When the Spanish student - immortalised by Le Sage - was inducted into the mysteries of the private life of Madrid, he availed himself of a temporary aerial machine, in a person of diabolical extraction, called Asmodeus - who further assisted [-69-] him in his bird's-eye inspection, by taking the roofs off the houses. When the nobility and gentry frequenting the fashionable circles of the Arabian Nights, were desirous of travelling with extraordinary rapidity, they were sure to be accommodated with magical carpets, or swift-flying eagles, or winged horses. Then they could be rendered invisible, or provided with telescopes, enabling them to see through every obstacle, from stone walls to steel castles; but things are changed, and times are altered now. One can't go from London to Liverpool without buying a railway-ticket, and being importuned to show it half a dozen times in the course of the journey. If you want to study character in the Stock Exchange, you can get no more invisible suit to do it in than a suit of invisible green, and run, moreover, the risk of hearing a howl of '201!' and feeling two hundred pair of hands, and two hundred pair of feet to match, bonneting, buffeting, hustling, and kicking you from the high place of Mammon.
    So, then, in the study of Beer and Beerhouses, I have had no adventitious aid from accommodating demons, obliging genii, invisible caps, carpets, or cloaks. 'Experientia' - you know the rest. I have graduated in Beer; I have mastered its mysteries; and I will now assume, for your benefit, a magic power, which I devoutly wish I had possessed during my Beery researches. Come with me, then, in the spirit, to Bankside; and, after a cursory stroll round the fountain-head of beer, let us seat ourselves (still in the spirit) at the tail of one of these big drays, drawn by big horses, and, fearing no cries of 'whip behind!' from jealous boys (for, being spiritual, we are, of course, invisible), perambulate the metropolis, rapt in the contemplation of Beer. Surrounded with Barclay and Perkins's beer-barrels, our steeds conducted by Barclay and Perkins's red night-capped draymen, we will go in this, our magic chariot, from public-house to public-house: 'The latent tracks, the giddy heights explore;' 'shoot folly as it flies, and catch the manners living as they rise;' attempt a mild classification of the peculiar social characteristics of the different metropolitan 'publics;' give, in short, a view and a description, however lame and incomplete it may be, of  'London on Tap.'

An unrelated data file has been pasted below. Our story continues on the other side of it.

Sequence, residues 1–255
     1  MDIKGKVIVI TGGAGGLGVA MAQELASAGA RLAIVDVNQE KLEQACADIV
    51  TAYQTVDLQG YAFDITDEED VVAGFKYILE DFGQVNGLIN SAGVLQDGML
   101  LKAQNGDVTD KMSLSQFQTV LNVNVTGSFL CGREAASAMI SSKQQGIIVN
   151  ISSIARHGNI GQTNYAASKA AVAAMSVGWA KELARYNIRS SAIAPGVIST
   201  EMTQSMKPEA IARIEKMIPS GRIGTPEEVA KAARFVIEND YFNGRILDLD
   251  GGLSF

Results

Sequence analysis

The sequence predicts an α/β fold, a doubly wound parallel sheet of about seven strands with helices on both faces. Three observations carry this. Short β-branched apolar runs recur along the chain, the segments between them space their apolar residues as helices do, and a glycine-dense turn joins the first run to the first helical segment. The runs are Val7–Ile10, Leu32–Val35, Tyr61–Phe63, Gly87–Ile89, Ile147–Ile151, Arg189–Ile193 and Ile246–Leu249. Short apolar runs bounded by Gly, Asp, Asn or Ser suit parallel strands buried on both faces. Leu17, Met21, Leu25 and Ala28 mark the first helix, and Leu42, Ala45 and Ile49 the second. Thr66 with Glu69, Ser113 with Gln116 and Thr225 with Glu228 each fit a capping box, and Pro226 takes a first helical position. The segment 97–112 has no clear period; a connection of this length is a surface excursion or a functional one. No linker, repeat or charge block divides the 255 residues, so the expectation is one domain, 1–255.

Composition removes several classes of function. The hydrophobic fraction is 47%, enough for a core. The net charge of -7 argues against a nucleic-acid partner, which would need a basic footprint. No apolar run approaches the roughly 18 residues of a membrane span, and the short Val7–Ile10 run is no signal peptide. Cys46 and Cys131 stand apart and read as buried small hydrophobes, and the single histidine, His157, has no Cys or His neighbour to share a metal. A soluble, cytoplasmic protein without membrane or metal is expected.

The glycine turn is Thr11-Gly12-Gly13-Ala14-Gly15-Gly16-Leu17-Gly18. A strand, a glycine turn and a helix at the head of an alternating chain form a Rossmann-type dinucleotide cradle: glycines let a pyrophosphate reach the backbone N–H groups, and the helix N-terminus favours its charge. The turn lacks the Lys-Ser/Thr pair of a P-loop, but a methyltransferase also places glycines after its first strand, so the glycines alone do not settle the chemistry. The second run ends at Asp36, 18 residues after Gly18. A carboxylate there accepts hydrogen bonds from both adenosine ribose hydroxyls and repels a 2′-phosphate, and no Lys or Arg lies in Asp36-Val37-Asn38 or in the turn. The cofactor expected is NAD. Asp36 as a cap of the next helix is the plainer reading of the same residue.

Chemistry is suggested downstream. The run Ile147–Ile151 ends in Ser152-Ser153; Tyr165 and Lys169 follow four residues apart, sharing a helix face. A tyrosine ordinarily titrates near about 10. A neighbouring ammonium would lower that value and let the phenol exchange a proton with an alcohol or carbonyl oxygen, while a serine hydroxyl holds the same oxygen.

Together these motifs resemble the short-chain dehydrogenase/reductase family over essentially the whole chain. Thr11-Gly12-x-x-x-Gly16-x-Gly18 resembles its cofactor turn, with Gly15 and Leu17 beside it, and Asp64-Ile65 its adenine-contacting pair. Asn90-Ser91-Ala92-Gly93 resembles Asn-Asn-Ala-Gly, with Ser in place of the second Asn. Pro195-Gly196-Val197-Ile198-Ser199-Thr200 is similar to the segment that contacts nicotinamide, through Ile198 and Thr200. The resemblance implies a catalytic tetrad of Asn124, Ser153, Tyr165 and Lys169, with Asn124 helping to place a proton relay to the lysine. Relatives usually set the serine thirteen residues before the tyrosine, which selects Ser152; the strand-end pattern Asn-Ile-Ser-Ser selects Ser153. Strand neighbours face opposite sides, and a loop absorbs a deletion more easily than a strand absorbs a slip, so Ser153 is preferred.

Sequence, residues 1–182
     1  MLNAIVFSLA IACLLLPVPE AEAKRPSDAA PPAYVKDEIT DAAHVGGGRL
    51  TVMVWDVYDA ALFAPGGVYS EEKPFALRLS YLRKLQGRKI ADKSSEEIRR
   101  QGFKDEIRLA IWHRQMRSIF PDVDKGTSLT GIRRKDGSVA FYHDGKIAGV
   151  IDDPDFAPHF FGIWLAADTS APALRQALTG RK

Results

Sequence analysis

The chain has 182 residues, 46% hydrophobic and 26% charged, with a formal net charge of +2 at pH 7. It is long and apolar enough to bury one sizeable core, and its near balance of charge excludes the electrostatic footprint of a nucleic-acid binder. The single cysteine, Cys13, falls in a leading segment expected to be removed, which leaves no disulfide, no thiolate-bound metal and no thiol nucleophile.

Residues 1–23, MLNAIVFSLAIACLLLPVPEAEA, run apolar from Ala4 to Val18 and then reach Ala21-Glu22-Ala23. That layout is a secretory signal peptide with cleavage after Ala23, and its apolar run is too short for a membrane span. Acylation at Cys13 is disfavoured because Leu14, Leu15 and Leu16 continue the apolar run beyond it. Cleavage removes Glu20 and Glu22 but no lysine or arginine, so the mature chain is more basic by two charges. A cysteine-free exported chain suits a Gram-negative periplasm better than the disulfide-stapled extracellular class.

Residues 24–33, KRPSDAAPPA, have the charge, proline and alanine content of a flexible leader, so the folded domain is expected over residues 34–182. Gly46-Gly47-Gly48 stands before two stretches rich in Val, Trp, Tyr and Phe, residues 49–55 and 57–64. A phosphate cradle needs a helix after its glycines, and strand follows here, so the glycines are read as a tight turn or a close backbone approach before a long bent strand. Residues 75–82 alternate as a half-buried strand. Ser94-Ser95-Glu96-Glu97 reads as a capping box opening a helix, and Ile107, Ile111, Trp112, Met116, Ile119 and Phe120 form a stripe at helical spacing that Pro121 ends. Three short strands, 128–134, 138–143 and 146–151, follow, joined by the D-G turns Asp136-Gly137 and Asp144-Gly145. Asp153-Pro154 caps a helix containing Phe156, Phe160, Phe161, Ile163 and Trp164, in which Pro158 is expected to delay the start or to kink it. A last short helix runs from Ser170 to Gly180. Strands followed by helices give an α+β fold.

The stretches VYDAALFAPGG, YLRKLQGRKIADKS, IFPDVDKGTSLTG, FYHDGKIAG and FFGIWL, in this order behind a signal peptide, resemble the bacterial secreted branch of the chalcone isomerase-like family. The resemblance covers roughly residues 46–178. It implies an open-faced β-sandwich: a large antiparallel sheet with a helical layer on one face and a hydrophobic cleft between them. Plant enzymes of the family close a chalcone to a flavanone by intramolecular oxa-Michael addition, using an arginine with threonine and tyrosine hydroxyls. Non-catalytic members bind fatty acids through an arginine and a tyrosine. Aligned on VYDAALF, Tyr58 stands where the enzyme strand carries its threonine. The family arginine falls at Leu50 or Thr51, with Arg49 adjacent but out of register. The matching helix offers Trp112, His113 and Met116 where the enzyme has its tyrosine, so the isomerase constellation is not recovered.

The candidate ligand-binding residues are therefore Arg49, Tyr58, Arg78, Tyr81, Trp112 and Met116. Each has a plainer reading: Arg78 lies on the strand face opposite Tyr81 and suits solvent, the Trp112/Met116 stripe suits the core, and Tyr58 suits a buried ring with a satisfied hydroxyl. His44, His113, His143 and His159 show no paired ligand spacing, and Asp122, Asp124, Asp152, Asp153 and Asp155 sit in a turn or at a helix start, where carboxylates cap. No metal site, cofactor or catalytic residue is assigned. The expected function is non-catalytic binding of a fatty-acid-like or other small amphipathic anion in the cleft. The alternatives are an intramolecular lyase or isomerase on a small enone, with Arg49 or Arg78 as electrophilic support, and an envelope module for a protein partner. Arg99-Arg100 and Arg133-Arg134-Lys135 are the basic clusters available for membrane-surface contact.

I do not purpose, in these pages, at least, to enter minutely into the consideration of the aspect of a London Brewery, or of the manufacture of the great English beverage; so, then, our stay will be but short in this huge brick beer emporium.